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Old 03-02-2013, 11:55 AM   #176
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This is the concrete I got


http://m.homedepot.com/p/Quikrete-80...180/100318511/

I know the fast setting stuff can be poured dry and soaked with water but not sure about this.
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Old 03-02-2013, 12:41 PM   #177
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I plan on getting the concrete today and putting down the 8" layer that has to go down before posts are set in another 8" layer. Can I pour 2 80lb bags in each hole and just spray them down with the hose or do I have to mix up each bag and pour it in wet?

Not sure thats the way to go about it....never did it that way. The way it looks in the code drawing, you poor 16" of crete then set the post into it 8". Two different poors you'll have a cold joint between them.

Would have been a whole lot easier to pour concrete to a couple inches above grade and use post bases.
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Old 03-02-2013, 02:08 PM   #178
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Originally Posted by 12penny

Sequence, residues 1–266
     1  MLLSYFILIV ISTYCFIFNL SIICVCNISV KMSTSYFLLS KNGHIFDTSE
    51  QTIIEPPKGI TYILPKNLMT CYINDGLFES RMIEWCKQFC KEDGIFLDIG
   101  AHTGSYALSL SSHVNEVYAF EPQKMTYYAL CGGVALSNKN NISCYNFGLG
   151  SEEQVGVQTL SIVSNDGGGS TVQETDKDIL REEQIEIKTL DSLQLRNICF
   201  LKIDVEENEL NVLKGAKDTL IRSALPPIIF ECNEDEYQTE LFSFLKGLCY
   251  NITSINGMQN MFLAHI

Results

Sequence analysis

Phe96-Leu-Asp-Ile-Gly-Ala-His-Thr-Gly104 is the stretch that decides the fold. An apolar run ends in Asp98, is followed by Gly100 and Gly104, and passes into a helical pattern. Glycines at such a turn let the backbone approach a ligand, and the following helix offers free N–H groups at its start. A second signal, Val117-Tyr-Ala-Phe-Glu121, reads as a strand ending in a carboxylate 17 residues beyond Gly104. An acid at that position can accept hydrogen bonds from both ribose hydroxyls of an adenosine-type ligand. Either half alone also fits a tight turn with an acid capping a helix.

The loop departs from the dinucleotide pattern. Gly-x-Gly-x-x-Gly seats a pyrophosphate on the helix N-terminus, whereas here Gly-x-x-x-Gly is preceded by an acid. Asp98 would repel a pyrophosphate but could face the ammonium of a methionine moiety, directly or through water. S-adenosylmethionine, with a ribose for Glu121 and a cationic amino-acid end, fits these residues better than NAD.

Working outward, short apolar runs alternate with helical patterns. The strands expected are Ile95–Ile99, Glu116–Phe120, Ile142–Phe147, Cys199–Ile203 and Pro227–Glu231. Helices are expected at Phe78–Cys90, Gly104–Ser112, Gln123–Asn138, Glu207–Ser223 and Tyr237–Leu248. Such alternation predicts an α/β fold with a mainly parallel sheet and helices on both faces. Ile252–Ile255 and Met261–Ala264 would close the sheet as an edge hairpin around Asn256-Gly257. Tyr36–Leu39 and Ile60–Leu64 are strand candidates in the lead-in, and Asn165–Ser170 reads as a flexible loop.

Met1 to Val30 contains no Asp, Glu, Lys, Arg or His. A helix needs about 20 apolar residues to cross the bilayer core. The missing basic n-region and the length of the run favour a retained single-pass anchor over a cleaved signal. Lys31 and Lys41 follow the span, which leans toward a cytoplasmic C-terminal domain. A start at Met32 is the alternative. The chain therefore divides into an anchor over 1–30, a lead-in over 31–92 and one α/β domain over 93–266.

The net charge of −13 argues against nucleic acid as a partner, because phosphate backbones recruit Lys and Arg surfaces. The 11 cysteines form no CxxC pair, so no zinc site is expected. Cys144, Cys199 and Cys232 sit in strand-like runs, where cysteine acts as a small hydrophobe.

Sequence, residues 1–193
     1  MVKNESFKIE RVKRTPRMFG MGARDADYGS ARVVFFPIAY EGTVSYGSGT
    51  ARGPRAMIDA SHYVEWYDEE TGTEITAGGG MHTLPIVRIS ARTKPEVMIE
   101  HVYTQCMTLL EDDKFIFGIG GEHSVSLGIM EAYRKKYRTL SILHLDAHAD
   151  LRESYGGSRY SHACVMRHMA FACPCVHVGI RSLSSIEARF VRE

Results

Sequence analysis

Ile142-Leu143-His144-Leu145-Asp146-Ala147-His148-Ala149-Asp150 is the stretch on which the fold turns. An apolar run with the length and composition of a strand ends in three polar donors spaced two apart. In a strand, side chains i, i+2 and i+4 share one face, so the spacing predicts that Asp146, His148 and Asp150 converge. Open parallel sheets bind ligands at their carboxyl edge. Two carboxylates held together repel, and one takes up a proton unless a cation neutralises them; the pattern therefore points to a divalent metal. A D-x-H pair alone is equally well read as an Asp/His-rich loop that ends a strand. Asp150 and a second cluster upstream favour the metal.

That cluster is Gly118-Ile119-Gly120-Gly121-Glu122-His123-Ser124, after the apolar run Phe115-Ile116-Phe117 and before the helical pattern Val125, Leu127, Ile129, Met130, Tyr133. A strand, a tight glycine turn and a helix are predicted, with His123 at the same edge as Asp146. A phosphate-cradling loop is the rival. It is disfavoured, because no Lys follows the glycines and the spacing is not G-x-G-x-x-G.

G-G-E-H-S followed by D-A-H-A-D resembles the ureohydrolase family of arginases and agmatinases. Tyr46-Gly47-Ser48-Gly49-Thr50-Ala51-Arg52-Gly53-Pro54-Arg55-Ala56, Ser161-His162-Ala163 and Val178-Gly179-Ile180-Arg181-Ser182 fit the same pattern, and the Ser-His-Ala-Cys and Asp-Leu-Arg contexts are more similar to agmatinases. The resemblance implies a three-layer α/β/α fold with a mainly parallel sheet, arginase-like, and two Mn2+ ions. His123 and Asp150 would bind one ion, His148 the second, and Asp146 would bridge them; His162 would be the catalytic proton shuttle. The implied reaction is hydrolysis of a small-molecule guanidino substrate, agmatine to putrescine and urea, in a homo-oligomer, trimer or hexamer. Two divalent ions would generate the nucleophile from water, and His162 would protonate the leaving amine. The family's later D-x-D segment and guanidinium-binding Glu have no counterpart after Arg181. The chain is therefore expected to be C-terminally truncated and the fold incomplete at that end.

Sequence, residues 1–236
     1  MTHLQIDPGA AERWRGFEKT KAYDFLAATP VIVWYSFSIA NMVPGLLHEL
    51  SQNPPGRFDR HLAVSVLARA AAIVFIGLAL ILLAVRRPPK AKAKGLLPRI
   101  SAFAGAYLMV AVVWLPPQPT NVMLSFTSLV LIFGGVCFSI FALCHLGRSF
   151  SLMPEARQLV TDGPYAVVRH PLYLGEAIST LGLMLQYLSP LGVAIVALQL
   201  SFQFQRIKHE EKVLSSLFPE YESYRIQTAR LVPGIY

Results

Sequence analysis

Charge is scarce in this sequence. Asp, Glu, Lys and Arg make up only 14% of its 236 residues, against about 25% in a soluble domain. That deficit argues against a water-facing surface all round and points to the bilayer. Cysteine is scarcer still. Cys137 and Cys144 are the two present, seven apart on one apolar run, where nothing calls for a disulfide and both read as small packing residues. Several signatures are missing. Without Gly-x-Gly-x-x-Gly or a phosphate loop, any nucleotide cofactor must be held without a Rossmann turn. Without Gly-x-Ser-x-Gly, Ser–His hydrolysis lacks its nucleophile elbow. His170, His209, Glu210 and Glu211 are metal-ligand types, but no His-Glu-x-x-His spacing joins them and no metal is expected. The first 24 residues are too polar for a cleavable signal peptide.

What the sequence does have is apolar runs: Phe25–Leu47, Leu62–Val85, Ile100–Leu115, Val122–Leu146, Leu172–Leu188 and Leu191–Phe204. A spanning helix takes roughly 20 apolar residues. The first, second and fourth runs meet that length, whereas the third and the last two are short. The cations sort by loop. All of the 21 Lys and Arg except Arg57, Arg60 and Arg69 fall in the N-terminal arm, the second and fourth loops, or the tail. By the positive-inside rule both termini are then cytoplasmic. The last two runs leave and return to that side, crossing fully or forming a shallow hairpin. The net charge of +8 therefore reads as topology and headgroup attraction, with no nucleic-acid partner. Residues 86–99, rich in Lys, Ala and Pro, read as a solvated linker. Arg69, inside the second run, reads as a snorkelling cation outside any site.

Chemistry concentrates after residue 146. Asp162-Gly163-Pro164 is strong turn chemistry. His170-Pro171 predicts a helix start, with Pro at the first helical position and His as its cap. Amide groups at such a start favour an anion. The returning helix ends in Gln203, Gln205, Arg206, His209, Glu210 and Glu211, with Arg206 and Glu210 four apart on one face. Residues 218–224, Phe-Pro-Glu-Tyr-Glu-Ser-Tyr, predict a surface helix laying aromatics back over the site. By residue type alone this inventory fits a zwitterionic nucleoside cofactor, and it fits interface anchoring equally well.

Not sure thats the way to go about it....never did it that way. The way it looks in the code drawing, you poor 16" of crete then set the post into it 8". Two different poors you'll have a cold joint between them.

Would have been a whole lot easier to pour concrete to a couple inches above grade and use post bases.
I think your right. Code says pour 8", set post on top, then pour another 8". I poured 2 80lb bags in one of the stair post holes so far so maybe I only messed up one hole at the most. It's more than 8" thick also and my hole is wider than 16" and right at 2' deep. Ill wait and let the guy do it all at once on Monday. I can buy a post anchor for the hole I put concrete in and do the rest the right way. Ill buy one of those anchors that attaches to the bottom of the 6x6 and screw it into the concrete once it dries and put another bag in the hole around it.
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Old 03-02-2013, 04:08 PM   #179
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Is there a cheaper way to prevent the cold joint? Is it best to just use one of these and another bag of concrete on top?

http://m.homedepot.com/p/Simpson-Str...66Z/100375370/

I know quikrete makes something to bond new concrete to new but is that a good route to take in this case?
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Old 03-03-2013, 09:20 AM   #180
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concrete is easiest to pour once and be done. adding wet to dry requires re bar to lock them together. How tall is the deck going to be? why exactly are you wanting to bury the posts into the concrete?

a lot of times I build the deck on temp posts (2x4 with a 12" 2x6 foot nailed to 2x4) and permanent post down to footing later, I've even had entire decks almost built before the footings were even dug- helps to know the local inspectors if building this way

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Last edited by hand drive; 03-03-2013 at 09:24 AM.